PF They sure have. 

RZ And it’s a really incredibly talented collection of designers, engineers, product thinkers that partner with your business to help you get things done. We ship really amazing platforms. You’re smiling at me in a weird way. 

PF Well cuz you know what they don’t do . . . is butter us up. 

RZ Boy, they don’t! [Paul laughing] Once they’re in, [music fades in]—

PF [Laughing] Once you’re in—

RZ [Nasally] “Nice shoes, Rich!” 

PF No, none of that. 

RZ None of that. 

PF Sometimes for like the first week. 

RZ Barely. 

PF Barely. And then after that it’s just like—

RZ “What’s your name again?” [Chuckling

PF “Yeah, uh, wow, I don’t know if I can make that meeting.” 

RZ [Laughs boisterously] “I’m busy!” 

PF Yeah, “I’m already booked on this pro—” [Disappointed] “Oh. Ok.” 

RZ Exactly. 

PF Alright, so yeah, no, no if you need us.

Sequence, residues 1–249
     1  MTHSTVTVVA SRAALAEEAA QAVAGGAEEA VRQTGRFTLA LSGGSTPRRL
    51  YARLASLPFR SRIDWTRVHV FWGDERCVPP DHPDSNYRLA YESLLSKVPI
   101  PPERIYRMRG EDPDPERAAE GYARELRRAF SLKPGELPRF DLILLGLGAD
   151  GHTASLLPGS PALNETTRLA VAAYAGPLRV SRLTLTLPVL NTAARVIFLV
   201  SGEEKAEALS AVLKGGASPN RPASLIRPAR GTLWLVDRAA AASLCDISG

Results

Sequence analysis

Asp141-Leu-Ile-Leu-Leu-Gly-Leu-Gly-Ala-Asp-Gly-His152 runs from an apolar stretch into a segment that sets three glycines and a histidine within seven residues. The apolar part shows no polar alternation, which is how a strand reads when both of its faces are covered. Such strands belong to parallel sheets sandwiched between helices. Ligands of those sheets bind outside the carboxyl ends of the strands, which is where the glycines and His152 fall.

RZ Yup. 

PF If you wanna work here, I hope this doesn’t dissuade you. I hope it actually makes you wanna work here cuz we really do want good, talented people to get in here. 

RZ Yes!

PF And even if we say no once doesn’t mean we’re gonna say no twice. So—

RZ There’s a bunch of job openings at 

PF There is a horrible feeling and I wanna—let’s end it this way and you can tell me if we’re allowed to, where they say—maybe we’re getting close to the end, and it hasn’t necessarily gone well, and they pull out of their pocket, like, “You know, I just wanna say I am a big fan of the podcast.” 

RZ At the end! Yeah. 

PF Yeah and I go—in the back of my head, I go, “Probably not for much longer.” [Rich laughs] You’re always welcome to listen. 

RZ Yes, that’s free. 

PF Alright, we love you all. 

RZ Have a great week. 

PF Yup. Bye everybody [music ramps up, plays alone for three seconds, fades out to end].